Thursday, December 15, 2016

Author Highlight: Jessica Knauss

For the month of December I'm doing an author highlight once a week, so I hope you can find some new books to read. These are all authors who won the Kindle Scout contest. I won in 2015 with Solstice.

Today, I'm featuring J.K. Knauss, author of Seven Noble Knights. An epic of family, betrayal, and revenge medieval Spain, Seven Noble Knights, debuts on Kindle today, and will be available in softcover on January 16, 2017, from Bagwyn Books. Get the ebook instantly here.

Introducing Jessica Knauss:

Jessica Knauss

Jessica's book:
For more about Seven Noble Knights and all the information about its grand blog tour and launch party, visit Feel free to sign up for her mailing list for castles, stories, and magic.

Spain, 974. Gonzalo, a brave but hotheaded knight, unwittingly provokes tragedy at his uncle’s wedding to beautiful young noblewoman Lambra: the adored cousin of the bride dead, his teeth scattered across the riverbank. Coveting his family’s wealth and power, Lambra sends Gonzalo’s father into enemy territory to be beheaded, unleashing a revenge that devastates Castile for a generation.

A new hero, Mudarra, rises out of the ashes of Gonzalo’s once great family. Raised as a warrior in the opulence of Muslim Córdoba, Mudarra must make a grueling journey and change his religion, then chooses to take his jeweled sword to the throats of his family’s betrayers. But only when he strays from the path set for him does he find his true purpose in life.

Inspired by a lost medieval epic poem, Seven Noble Knights draws from history and legend to bring a brutal yet beautiful world to life in a gripping story of family, betrayal, and love.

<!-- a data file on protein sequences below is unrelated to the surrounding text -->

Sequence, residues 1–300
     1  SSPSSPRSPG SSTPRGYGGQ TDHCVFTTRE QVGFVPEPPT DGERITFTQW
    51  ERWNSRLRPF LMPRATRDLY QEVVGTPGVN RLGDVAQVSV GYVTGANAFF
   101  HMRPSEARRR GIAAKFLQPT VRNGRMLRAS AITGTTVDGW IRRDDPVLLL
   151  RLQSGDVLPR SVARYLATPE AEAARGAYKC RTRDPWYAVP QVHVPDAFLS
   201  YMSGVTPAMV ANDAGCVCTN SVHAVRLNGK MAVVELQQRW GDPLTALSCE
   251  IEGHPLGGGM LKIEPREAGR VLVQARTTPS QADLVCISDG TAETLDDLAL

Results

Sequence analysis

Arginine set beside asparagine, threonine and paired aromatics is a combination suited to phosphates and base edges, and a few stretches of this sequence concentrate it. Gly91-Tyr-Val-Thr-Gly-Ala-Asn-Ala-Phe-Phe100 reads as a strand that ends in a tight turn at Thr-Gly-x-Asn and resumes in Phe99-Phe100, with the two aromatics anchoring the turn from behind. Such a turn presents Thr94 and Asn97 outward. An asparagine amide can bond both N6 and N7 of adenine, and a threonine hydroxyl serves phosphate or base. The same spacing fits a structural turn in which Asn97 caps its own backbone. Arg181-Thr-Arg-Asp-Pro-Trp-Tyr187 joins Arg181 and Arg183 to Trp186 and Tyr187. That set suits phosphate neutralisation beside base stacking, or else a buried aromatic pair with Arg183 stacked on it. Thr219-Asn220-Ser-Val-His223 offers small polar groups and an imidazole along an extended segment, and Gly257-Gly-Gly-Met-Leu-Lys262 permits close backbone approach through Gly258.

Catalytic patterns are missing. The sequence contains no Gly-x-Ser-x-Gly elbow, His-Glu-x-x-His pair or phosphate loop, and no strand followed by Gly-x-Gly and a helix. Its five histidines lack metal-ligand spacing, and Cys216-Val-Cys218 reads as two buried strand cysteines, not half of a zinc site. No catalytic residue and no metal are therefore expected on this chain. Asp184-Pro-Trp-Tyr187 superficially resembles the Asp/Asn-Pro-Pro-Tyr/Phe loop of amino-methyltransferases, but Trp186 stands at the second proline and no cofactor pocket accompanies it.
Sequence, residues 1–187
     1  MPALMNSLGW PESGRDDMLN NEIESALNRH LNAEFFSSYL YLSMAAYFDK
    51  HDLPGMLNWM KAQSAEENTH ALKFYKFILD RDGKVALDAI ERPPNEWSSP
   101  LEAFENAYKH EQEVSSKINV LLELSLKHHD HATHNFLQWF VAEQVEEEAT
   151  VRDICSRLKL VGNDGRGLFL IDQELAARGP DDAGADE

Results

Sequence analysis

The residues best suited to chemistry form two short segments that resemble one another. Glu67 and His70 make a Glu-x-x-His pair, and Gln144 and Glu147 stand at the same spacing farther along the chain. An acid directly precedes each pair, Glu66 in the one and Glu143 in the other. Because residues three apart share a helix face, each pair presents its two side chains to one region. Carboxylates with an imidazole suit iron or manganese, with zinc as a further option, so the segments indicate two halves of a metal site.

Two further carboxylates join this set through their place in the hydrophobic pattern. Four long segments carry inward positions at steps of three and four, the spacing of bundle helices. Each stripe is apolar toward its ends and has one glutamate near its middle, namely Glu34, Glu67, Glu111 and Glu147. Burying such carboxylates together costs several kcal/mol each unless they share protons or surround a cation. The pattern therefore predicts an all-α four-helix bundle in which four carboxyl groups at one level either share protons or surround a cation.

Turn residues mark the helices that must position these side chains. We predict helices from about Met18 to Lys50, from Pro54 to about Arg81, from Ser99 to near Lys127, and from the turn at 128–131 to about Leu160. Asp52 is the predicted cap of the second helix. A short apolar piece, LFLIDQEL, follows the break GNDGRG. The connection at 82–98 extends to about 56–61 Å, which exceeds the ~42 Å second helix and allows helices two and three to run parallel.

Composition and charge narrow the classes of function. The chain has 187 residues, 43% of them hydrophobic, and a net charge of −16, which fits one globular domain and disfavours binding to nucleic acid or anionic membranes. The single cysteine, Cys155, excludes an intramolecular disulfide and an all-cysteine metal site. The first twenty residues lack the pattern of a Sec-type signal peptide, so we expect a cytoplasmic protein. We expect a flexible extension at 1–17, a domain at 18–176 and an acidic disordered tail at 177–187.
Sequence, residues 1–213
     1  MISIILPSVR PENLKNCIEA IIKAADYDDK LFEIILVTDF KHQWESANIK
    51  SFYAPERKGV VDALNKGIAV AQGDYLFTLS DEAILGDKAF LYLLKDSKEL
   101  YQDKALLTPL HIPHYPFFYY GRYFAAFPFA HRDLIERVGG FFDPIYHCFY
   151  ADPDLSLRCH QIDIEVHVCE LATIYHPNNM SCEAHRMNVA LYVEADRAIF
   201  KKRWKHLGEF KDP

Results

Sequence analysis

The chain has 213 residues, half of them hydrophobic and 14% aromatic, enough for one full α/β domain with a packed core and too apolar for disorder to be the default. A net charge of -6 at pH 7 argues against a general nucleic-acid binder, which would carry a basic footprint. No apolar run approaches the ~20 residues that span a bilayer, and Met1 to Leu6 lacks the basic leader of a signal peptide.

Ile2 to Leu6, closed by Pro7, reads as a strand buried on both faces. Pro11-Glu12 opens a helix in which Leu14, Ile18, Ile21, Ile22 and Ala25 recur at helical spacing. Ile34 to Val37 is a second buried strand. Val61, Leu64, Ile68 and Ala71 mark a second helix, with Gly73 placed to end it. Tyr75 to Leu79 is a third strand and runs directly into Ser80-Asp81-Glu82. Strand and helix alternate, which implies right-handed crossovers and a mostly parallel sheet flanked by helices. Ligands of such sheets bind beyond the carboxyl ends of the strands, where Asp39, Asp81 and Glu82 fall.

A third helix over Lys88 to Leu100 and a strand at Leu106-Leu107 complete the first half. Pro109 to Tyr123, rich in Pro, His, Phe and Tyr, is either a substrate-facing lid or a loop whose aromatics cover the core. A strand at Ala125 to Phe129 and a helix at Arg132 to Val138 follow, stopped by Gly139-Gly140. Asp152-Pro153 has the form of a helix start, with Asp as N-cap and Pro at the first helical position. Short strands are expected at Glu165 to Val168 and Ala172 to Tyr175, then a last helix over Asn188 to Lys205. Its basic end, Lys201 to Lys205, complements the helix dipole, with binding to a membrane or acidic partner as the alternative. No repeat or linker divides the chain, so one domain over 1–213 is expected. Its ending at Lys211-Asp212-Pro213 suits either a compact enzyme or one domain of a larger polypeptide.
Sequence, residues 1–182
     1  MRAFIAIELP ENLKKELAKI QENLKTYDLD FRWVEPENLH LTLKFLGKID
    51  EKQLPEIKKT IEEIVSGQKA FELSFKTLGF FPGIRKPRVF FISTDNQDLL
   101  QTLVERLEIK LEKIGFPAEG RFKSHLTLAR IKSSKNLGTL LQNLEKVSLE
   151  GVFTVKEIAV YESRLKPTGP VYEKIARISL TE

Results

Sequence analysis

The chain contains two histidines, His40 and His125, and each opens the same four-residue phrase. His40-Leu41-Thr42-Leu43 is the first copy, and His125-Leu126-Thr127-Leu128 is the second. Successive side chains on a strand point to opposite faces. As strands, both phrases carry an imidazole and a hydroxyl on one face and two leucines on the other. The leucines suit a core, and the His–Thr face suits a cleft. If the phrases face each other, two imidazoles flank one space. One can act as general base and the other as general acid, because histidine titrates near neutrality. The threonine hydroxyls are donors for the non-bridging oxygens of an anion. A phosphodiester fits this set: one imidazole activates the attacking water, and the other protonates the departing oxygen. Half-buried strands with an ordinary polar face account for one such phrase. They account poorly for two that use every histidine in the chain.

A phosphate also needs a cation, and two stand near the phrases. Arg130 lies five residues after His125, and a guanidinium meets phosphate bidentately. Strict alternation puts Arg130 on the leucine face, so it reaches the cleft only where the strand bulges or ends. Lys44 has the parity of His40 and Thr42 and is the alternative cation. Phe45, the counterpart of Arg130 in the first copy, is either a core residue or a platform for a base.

Cool map!
I love using maps in my books (my historicals all have them), so I love it when authors put in a map.

From the author:
As readers of this blog know, history is thrilling. Seven Noble Knights takes place in tenth-century Spain, a time when the Spanish language had barely differentiated from Latin, when Castile, which is now the dominant Spanish culture, was a rough-and-tumble borderland, and Córdoba in Andalusia was arguably the most elegant city in the world.

The “Christian” kingdoms in the north were still consolidating their power and starting to ship away at the mighty Caliphate of Córdoba. What would it have been like to be raised as a warrior during this time, with so many expectations that you would hold the front and “reconquer” more territory? How would a noble lady feel, torn from her homeland and obliged to marry someone two decades older than she? Could two people from the different religions understand each other enough to fall in love? And where would the loyalties of someone with family in both north and south lie?

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